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It is well-known that China has a long history of practical experience in freshwater fish culture. The integration of fish production with crop and livestock is one of its characteristics, especially in Changjiang River drainage, Pearl River drainage and the Lake Tai district. The so-called ‘integrated fish farming’ in the Chinese language means diversification, overall rural development and comprehensive utilization of fisheries, agriculture, forestry and commerce, with emphasis being placed on fisheries.
Integrated fish farming is regarded by aquaculturists of other countries as a model farming system for full utilization of local resources, for waste recycling and energy saving, and for maintaining ecological balance and circulation. Besides increasing the supply of fish, meat and eggs, and employment opportunities it also reduces the cost of fish production through utilization of local farm products as fish feeds and fertilizers and reorganization of farm labour for effective output.
In 1978, FAO/UNDP sponsored an Aquaculture Study Tour to China.
The Study Group comprising senior fishery officials of many Asian countries found that integrated fish farming is the main feature of Chinese freshwater fisheries and of importance to the region. They recommended that the Asian-Pacific Regional Research and Training Centre for Integrated Fish Farming be established in Wuxi, China, for conducting training and research in integrated fish farming and for collecting aquaculture information for the benefit of the third world in the Asia-Pacific region. In subscribing to the principle of South-South Cooperation, the Chinese government agreed to this and provided a large sum of money to set up the Centre.
In order to open the Centre as early as possible, the National Bureau of Aquatic Products (Now under the Ministry of Agriculture, Animal Husbandry and Fishery) with the support of Wuxi municipal government, set out the capital construction of the Centre, and at the same time, transferred the technical personnel across the country to make preparation for the training and research work.
On the training aspect, we designed an Outline Training Programme, selected some fish farms for field training, set up a laboratory and edited teaching materials as well. Due to the lack of teachers in the Centre at that time, the National Bureau of Aquatic Products decided that the lecture notes were to be written by Prof. Lu Gui, Associate Prof. Tan Yu-jun, Lecturer Ma Tian-xiong, Bei Hui-seng, Tan Shi-liang and Ge Guan-hua from Shanghai Fisheries College. The work was done shortly before the opening ceremony of the first training course, June, 1981. It was the above -mentioned instructors that gave the lectures to the participants. And Prof. Lu Gui concurrently served as Director of the Centre at that time. From the second training course, the task was passed on to our own teachers but the teaching materials remained the same. Through 1982, 1983 and 1984, efforts were made to improve the original materials with some supplements and modifications. The improved lecture notes have now been compiled in this text.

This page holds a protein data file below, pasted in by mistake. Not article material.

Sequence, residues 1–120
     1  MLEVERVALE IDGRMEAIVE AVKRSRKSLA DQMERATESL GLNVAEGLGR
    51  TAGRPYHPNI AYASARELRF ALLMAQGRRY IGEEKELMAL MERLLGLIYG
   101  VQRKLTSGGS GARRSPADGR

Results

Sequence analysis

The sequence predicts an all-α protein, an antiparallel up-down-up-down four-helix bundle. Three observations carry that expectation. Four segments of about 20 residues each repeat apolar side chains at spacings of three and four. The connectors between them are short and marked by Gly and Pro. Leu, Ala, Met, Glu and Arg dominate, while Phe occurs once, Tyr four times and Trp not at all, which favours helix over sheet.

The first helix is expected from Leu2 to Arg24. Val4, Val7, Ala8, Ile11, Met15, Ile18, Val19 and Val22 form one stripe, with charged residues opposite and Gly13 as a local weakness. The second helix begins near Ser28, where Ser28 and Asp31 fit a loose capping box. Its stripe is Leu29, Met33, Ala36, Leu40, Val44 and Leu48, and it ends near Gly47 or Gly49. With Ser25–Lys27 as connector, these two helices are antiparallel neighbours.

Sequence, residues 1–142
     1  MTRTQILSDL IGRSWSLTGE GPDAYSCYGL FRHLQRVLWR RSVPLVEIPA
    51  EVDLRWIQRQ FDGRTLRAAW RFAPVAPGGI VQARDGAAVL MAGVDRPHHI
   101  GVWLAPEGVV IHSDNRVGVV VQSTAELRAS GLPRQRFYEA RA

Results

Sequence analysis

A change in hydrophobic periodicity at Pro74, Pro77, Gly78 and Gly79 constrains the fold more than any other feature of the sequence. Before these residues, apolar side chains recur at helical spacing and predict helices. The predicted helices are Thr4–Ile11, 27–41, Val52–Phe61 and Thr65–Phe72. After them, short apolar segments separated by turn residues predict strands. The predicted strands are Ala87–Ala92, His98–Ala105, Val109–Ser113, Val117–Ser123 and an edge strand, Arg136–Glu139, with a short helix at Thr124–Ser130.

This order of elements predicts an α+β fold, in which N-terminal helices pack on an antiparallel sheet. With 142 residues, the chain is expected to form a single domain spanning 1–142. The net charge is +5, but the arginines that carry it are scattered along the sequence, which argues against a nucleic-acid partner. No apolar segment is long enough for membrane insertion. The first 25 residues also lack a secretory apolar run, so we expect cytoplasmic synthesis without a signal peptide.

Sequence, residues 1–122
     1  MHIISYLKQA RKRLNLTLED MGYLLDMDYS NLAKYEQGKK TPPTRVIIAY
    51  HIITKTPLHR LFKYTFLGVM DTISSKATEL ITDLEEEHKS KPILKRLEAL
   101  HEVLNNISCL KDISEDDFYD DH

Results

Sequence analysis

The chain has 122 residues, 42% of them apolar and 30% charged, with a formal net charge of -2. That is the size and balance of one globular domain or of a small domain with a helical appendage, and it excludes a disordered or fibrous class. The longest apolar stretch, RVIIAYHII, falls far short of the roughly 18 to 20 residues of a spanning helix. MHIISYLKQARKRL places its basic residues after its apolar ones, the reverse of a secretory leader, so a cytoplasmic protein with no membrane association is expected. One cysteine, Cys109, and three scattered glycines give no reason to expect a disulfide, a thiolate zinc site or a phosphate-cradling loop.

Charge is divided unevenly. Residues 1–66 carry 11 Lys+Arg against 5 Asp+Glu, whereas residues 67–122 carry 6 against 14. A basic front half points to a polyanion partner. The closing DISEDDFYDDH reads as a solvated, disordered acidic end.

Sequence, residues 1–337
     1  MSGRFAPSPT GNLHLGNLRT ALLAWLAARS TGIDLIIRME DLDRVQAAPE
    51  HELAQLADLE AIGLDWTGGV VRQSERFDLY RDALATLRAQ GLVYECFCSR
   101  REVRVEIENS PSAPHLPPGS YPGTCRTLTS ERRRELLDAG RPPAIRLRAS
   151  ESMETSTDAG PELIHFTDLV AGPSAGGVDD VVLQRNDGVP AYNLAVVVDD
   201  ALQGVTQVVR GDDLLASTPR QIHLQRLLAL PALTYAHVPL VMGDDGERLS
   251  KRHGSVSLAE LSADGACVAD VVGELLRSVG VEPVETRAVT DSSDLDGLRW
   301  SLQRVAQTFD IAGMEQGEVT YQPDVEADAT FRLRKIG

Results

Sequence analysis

On the basis of the Outline Training Programme and original lecture notes, the newly edited teaching materials adhere to the principles of combining theory with practice. In the contents, emphasis is placed on practical operation. Therefore, field work and study tours occupy a larger proportion of the course for the purpose of enlarging trainee's knowledge and their ability.
At the same time, special attention is given to the agro-climatic conditions of South East Asia so that the participants might develop integrated fish farming in line with their respective local conditions after returning to their home countries.
The book can be divided into two parts. The first part is an introduction of basic principles of Chinese freshwater fish culture. In the second part, there is an introduction of integrated fish farmingmain features of Chinese freshwater fish culture, since Chinese integrated fish farming is based on the traditional fish culture techniques. If the basic principles of Chinese freshwater culture are not clearly understood, it is difficult to adopt the Chinese integrated fish farming techniques.
To edit it well, the Editorial Board was set up with Mr. Shan Jian as Editor-in-Chief, Associate Prof. Zhu Lin geng and Mr. Fei Yingwu as Associate Editors-in-Chief, Mr. Hu Bao tong and Mr. Li Kangmin as Editors. Editorial staff are Mr. Shen Peirong (Chapter 1), Mr. Yu Shingang (Chapter 2 & 3), Associate Prof. Zhu Lin geng (Chapter 4), Mr. Fei Yingwu (Chapter 5), Ms. Li Shaogi (Chapter 6), Mr. Yang Hua-zhu and Mr. Hu Baotong (Chapter 7 & 8), Mr. Chen Iaowan and Mr. Tang Song-nan (Chapter 9), Ms. Jiang Guizhe (Chapter 10).
In view of limited data, knowledge and time, some errors may exist in this book. Any comments and suggestions from readers are welcomed.
Reference : FAO